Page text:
A Balanced Approach to Wellness!

Posts tagged ‘trauma’

More about immune system decimators

Cecil the lion

In the blog post, “Immune system decimators”, the major things that decimate the immune system are listed. Today we’ll find out about a few of them that are related.

From the list, 2. Trauma that is physical and emotional which overwhelms the body and 4. Holding onto perceived injustices are closely related. If 8. Fear is involved with either of them, their effects on the immune system are more devastating.

The immune system is meant to keep our bodies protected from viruses, bacteria, funguses, protozoa, wounds, and criticism. The immune system also helps prevent gene-initiated diseases and syndromes.

# 2. When a traumatic event occurs, the body can be resilient or can store the traumatic memory. Traumas can wash through a person and leave little effects or they can imbed reminders in organs and systems in the body. These reminders swerve functionality, which then changes the ways in which the body handles onslaughts of germs. After a trauma, a person can be more susceptible to illness. If the trauma left reminders, the susceptibility to illness can continue for years.

# 4. Holding onto perceived injustices is surprising in its ability to unhinge the immune system. People face disappointments throughout their lives, and people who remember and regurgitate the disappointments are lowering their body’s ability to maintain a strong immune system.

# 8. Fear is a difficult emotion. It is natural, and yet, it sometimes overtakes living. A fearful event has repercussions in the body, but usually the fear instigates protective responses. If the fear is chronic, the protective responses slowly weaken the immune system. If fear is present during a traumatic event, the body can “rebel” and various buried syndromes can ignite. For example, if a person experiences a trauma and feels VERY fearful while the trauma is occurring, gene activation can occur and possibly trigger an autoimmune response.

Fear that accompanies holding onto perceived injustices is less destructive, but keeps the immune system lowered.

As with the other decimators of the immune system, damage depends on the person’s age, current health status, and emotional stamina.

Note: This information has been spiritually received.

What’s up with “fight or flight”?

Distracting colors

Are “fight or flight” our main responses to fear and stress? That’s what everyone says, but is that so? I’ve asked Spirit, because I want to know. Here’s what Spirit informs me:

People have built-in mechanisms that evaluate danger. (We can call them signals and pulls.) These mechanisms help us evaluate situations and feel how to respond. Our responses depend on many things: age, health status, physical impediments, mental breadth, hunger or thirst, breath capacity, emotional attachments, emotional memories, abdominal state, vision, fears, and awakeness. Besides these uniquely personal statuses, we are influenced by our family, neighbors, responsibilities, and desires.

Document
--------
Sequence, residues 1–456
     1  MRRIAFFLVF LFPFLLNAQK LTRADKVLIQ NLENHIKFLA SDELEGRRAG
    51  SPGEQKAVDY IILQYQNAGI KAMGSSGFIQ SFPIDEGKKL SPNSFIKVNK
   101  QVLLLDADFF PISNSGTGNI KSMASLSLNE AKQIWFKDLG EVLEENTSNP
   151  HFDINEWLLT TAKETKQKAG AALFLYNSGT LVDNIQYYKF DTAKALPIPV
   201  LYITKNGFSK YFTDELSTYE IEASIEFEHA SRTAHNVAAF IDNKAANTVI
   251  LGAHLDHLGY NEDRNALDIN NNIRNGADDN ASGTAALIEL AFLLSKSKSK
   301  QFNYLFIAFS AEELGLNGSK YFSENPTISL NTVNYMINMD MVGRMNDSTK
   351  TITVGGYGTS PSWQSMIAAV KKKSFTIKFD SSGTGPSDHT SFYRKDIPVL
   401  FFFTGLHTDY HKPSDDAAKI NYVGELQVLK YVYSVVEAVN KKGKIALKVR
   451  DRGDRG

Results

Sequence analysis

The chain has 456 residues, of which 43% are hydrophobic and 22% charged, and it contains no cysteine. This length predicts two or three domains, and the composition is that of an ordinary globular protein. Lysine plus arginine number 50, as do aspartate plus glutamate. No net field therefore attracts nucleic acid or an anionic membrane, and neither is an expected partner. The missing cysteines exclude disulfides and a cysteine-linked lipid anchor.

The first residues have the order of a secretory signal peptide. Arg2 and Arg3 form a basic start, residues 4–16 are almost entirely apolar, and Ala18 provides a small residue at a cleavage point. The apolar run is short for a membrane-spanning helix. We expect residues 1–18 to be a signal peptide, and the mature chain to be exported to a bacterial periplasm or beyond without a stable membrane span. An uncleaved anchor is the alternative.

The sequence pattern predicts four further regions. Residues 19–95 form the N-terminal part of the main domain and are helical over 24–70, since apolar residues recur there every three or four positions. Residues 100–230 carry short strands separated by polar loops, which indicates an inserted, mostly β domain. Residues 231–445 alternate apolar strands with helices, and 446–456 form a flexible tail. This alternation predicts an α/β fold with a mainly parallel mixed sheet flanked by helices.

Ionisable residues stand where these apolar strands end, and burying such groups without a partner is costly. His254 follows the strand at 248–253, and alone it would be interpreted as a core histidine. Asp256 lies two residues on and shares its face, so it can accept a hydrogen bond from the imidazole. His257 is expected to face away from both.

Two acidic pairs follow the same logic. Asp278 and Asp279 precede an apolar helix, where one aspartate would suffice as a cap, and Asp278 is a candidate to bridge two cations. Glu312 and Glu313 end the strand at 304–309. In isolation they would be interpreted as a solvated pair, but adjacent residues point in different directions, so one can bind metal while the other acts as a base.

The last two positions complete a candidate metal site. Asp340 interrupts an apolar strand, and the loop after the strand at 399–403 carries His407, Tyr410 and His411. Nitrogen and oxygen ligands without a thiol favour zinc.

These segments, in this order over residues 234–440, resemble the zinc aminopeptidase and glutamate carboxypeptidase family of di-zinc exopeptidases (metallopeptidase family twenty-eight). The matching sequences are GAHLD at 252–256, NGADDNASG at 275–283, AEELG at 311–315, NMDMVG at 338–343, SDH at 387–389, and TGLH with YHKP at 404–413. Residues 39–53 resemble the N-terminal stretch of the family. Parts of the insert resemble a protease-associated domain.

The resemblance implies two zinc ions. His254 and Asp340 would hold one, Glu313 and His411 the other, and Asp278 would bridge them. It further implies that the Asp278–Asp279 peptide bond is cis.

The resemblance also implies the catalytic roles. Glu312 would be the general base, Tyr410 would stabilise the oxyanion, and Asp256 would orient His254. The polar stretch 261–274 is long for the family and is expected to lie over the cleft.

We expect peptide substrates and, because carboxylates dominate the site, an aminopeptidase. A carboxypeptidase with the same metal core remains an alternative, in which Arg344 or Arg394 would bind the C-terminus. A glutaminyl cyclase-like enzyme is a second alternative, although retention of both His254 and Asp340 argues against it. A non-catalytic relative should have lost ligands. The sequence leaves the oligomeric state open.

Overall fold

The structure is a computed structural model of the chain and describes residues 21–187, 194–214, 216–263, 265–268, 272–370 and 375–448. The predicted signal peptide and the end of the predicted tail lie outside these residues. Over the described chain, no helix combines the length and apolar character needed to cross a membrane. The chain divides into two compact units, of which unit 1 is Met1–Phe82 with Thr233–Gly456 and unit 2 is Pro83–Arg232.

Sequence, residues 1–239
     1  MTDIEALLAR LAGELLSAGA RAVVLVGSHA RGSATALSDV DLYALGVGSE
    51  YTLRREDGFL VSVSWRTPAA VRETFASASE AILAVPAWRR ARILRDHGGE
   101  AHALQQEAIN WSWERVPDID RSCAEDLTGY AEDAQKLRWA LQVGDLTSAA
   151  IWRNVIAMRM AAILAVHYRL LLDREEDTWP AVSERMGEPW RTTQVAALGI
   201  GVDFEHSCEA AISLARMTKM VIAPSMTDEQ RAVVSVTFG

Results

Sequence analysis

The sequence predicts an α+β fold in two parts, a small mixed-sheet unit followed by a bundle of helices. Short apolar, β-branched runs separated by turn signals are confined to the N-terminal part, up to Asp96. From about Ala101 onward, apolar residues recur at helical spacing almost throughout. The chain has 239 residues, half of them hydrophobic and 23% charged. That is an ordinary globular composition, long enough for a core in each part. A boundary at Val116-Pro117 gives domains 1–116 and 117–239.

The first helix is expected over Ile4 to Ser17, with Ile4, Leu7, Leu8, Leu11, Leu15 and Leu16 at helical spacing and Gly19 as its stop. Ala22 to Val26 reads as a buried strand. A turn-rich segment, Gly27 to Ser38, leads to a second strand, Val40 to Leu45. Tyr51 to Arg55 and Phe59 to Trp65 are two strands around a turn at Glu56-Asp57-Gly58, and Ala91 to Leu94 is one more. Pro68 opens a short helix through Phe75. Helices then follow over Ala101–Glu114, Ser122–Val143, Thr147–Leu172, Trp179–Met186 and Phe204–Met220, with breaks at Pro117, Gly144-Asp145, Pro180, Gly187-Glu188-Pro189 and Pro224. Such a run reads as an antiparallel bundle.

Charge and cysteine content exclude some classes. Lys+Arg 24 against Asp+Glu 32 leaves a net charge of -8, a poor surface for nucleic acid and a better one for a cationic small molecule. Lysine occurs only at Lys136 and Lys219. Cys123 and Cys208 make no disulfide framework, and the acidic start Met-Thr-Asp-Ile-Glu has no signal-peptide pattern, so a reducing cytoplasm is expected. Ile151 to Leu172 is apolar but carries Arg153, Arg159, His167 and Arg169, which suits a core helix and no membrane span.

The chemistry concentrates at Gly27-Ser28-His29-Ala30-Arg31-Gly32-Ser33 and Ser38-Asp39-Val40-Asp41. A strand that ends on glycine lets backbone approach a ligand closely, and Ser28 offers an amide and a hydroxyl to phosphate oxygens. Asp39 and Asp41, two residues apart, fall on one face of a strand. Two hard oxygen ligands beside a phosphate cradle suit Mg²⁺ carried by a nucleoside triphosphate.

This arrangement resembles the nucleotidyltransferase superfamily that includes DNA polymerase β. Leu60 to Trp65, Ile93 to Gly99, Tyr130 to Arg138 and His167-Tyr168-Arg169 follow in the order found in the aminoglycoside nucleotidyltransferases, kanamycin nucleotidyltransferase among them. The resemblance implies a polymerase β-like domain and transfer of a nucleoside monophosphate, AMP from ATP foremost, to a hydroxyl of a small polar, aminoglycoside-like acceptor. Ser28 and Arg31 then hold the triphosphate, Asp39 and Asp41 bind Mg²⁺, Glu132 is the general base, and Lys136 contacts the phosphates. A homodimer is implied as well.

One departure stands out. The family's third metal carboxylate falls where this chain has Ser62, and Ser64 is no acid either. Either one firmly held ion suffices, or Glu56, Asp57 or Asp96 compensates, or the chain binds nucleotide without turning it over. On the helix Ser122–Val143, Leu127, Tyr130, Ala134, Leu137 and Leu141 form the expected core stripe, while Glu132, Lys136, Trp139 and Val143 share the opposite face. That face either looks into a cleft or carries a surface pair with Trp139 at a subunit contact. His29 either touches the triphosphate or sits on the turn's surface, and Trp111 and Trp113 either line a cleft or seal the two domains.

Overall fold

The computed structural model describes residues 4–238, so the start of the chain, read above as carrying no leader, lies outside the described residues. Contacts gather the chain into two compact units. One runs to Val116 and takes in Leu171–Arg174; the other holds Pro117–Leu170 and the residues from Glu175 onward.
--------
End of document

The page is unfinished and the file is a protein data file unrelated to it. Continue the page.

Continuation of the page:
When a situation requires a response, our bodies (intangible and tangible) must process a response that suits our personal statuses and our outer circle. If the outer circle (family, neighbors, etc.) has strong influence, then our response will be geared towards others. If our response is completely our own, then the personal statuses will force us to devise a response to suit our current situation. If we choose a response that doesn’t suit (for example, choosing to hide when we are too exhausted to move), our signals or pulls will usually join to give us the ability to pursue the chosen response.

Here are typical responses to fear and stress: hiding, lowering to the ground, pulling inwards to be physically compact, freezing in place, falling asleep, entering a shock state, denial, emotional displays (crying, sobbing, begging, anger), and confusion. And possibly, fight. And possibly, flight.  Fight and flight are two responses among many so that to speak only of fight or flight is an incorrect characterization of human response.

Each of the responses has a different effect on the body, some effects being more destructive than others. Stress that is handled through freezing in place or denial has differing effects than fight or angry actions. Stress that is denied can be more destructive than stress that is released through tears. Fear that is handled by hiding can be permanently installed in the body, while fear that is handled through entering a shock state can be forgotten. Each response yields a different effect on the body depending on the personal statuses and the forces of the outer circle.

Characterizing the effects of fear and stress as fight or flight is too broad. Each person is an individual response being, and no two people are alike.

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